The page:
Text Of Bush News Conference

AP Image Ingested via Automated Feed
AP
BUSH: Good evening. Tonight I will discuss two vital priorities for the American people, and then I'd be glad to answer some of your questions.

Millions of American families and small businesses are hurting because of higher gasoline prices. My administration is doing everything we can to make gasoline more affordable.

In the near term, we will continue to encourage oil-producing nations to maximize their production.

Here at home, we'll protect consumers. There will be no price gouging at gas pumps in America.

We must address the root causes that are driving up gas prices.

In the past decade, America's energy consumption has been growing about 40 times faster than our energy production. That means we're relying more on energy produced abroad.

To reduce our dependence on foreign sources of energy, we must take four key steps.

First, we must better use technology to become better conservers of energy.

And secondly, we must find innovative and environmentally sensitive ways to make the most of our existing energy resources, including oil, natural gas, coal and safe, clean nuclear power.

Third, we must develop promising new sources of energy, such as hydrogen, ethanol or bio-diesel.

Fourth, we must help growing energy consumers overseas, like China and India, apply new technologies to use energy more efficiently and reduce global demand of fossil fuels.

I applaud the House for passing a good energy bill. Now the Senate needs to act on this urgent priority.

American consumers have waited long enough. To help reduce our dependence on foreign sources of energy, Congress needs to get an energy bill to my desk by this summer, so I can sign it into law.

Congress also needs to address the challenges facing Social Security.

I've traveled the country to talk with the American people. They understand that Social Security is headed for serious financial trouble and they expect their leaders in Washington to address the problem.

Social Security worked fine during the last century, but the math has changed. A generation of baby boomers is getting ready to retire.

I happen to be one of them.

Today, there are about 40 million retirees receiving benefits. By the time all the baby boomers have retired, there will be more than 72 million retirees drawing Social Security benefits.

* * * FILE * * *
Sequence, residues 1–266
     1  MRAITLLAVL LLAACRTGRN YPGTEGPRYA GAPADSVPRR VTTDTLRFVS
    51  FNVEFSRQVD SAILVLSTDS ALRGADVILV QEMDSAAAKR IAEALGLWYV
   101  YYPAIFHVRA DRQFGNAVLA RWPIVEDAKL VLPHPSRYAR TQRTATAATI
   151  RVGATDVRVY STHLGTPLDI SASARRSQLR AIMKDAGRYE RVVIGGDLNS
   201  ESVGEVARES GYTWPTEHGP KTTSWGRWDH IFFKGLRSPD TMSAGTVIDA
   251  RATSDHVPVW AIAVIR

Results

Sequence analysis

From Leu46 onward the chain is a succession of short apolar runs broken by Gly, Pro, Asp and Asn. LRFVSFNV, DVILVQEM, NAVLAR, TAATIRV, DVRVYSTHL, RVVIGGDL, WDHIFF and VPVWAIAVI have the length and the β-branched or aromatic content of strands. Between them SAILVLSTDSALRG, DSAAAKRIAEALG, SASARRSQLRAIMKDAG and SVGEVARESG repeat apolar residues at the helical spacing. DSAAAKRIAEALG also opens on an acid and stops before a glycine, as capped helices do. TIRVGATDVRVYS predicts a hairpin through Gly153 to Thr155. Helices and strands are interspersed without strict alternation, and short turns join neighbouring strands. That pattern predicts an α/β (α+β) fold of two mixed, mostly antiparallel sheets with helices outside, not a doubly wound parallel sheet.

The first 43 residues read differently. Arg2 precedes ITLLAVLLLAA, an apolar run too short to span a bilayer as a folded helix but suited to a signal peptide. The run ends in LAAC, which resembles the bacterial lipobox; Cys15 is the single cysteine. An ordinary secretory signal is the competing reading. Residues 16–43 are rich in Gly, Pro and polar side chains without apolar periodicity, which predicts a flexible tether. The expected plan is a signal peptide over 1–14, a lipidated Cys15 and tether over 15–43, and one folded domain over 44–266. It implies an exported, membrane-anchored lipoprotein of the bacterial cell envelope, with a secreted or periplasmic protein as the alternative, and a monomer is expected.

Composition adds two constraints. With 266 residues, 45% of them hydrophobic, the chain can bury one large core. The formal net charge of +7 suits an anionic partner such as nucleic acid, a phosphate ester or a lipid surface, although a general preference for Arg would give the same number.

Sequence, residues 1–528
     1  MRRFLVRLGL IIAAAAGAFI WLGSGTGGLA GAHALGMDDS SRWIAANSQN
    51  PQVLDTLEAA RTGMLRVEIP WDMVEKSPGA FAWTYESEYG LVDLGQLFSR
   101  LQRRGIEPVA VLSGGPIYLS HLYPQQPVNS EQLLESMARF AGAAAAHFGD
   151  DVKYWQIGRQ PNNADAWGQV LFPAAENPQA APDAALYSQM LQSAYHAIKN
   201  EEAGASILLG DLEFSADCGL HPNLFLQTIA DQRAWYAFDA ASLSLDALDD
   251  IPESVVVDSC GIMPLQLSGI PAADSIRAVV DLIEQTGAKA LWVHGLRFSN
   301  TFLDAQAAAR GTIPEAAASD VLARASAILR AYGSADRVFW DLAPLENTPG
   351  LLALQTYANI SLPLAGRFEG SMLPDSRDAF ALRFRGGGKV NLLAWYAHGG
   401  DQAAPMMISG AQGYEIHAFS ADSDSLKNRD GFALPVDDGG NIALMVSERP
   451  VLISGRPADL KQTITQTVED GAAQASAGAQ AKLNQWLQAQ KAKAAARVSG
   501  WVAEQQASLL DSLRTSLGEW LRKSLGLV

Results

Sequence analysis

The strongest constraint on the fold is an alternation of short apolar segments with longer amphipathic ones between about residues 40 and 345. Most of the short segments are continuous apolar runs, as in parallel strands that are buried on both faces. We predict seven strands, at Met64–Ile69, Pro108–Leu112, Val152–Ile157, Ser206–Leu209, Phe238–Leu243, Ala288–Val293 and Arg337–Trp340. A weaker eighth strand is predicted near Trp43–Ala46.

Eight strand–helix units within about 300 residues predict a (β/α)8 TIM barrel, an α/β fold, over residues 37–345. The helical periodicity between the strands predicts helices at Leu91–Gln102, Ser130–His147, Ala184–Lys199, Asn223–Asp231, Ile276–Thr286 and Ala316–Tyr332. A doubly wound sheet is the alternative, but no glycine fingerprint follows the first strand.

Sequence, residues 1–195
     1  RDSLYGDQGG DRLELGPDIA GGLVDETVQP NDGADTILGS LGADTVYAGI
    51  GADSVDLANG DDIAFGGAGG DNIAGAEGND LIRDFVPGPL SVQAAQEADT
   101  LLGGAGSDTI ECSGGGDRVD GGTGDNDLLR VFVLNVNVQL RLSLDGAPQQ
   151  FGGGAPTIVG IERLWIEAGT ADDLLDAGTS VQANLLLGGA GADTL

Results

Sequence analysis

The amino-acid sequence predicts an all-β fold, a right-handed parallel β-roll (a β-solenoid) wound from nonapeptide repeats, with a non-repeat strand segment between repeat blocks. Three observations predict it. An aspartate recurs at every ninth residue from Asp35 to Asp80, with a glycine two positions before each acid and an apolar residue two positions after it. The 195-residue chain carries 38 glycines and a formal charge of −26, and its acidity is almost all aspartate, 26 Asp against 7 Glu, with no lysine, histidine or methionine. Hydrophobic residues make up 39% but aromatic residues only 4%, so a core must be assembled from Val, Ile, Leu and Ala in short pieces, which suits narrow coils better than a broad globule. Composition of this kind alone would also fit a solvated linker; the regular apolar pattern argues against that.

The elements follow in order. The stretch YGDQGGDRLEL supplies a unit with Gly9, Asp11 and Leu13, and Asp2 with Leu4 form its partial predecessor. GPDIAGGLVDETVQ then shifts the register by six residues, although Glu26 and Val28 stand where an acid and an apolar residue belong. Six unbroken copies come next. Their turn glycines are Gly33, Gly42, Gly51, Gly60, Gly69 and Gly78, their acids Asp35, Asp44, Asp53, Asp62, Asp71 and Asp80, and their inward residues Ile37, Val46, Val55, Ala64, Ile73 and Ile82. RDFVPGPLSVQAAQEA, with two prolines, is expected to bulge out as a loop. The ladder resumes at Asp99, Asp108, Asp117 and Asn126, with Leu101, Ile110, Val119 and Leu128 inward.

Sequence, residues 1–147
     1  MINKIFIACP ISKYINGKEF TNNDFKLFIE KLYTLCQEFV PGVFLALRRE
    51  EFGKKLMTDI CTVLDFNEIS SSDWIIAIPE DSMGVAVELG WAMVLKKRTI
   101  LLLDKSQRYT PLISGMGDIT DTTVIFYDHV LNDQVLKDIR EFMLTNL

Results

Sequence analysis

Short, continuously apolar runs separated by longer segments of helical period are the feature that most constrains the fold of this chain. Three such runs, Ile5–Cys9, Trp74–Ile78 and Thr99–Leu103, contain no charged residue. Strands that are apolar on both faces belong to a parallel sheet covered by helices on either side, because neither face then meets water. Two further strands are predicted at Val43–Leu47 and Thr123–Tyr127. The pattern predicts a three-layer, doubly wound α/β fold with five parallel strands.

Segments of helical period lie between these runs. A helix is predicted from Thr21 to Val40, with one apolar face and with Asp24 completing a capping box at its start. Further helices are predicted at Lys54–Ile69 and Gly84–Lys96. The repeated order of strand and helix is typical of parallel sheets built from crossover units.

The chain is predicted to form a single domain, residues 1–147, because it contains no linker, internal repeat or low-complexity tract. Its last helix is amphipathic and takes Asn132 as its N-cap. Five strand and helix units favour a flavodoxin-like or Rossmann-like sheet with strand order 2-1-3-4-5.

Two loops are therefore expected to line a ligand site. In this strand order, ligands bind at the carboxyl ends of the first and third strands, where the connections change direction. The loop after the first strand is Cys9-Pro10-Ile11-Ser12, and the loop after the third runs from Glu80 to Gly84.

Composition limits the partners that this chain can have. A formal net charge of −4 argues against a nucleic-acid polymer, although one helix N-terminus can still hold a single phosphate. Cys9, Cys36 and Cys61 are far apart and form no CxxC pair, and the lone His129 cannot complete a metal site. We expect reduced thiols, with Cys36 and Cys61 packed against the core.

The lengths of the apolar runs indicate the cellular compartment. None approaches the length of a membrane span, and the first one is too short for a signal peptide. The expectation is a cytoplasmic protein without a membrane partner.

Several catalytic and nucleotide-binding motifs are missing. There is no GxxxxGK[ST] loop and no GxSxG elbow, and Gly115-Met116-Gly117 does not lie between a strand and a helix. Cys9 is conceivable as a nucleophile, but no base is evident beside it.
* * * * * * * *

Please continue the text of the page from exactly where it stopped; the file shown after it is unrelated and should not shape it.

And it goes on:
Baby boomers will be living longer and collecting benefits over longer retirements than previous generations. And Congress has assured that their benefits will rise faster than the rate of inflation.

In other words, there's a lot of us getting ready to retire who will be living longer and receiving greater benefits than the previous generation.

And to compound the problem, there are fewer people paying into the system. In 1950, there were 16 workers for every beneficiary; today there are 3.3 workers for every beneficiary. Soon there will be two workers for every beneficiary.

These changes have put Social Security on the path to bankruptcy.

When the baby boomers start retiring in three years, Social Security will start heading toward the red.

In 2017, the system will start paying out more in benefits than it collects in payroll taxes. Every year after that, the shortfall will get worse, and by 2041 Social Security will be bankrupt.

Franklin Roosevelt did a wonderful thing when he created Social Security. The system has meant a lot for a lot of people. Social Security has provided a safety net that has provided dignity and peace of mind for millions of Americans in their retirement.

Yet there's a hole in the safety net, because Congresses have made promises it cannot keep for a younger generation.

As we fix Social Security, some things won't change. Seniors and people with disabilities will get their checks. All Americans born before 1950 will receive the full benefits.

Our duty to save Social Security begins with making the system permanently solvent, but our duty does not end there.

We also have a responsibility to improve Social Security by directing extra help to those most in need and by making it a better deal for younger workers.

Now as Congress begins work on legislation, we must be guided by three goals.

First, millions of Americans depend on Social Security checks as a primary source of retirement income, so we must keep this promise to future retirees as well. As a matter of fairness, I propose that future generations receive benefits equal to or greater than the benefits today's seniors get.

Secondly, I believe a reformed system should protect those who depend on Social Security the most. So I propose a Social Security system in the future where benefits for low-income workers will grow faster than benefits for people who are better off.

By providing more generous benefits for low-income retirees, we'll make this commitment: If you work hard and pay into Social Security your entire life, you will not retire into poverty.

This reform would solve most of the funding challenges facing Social Security.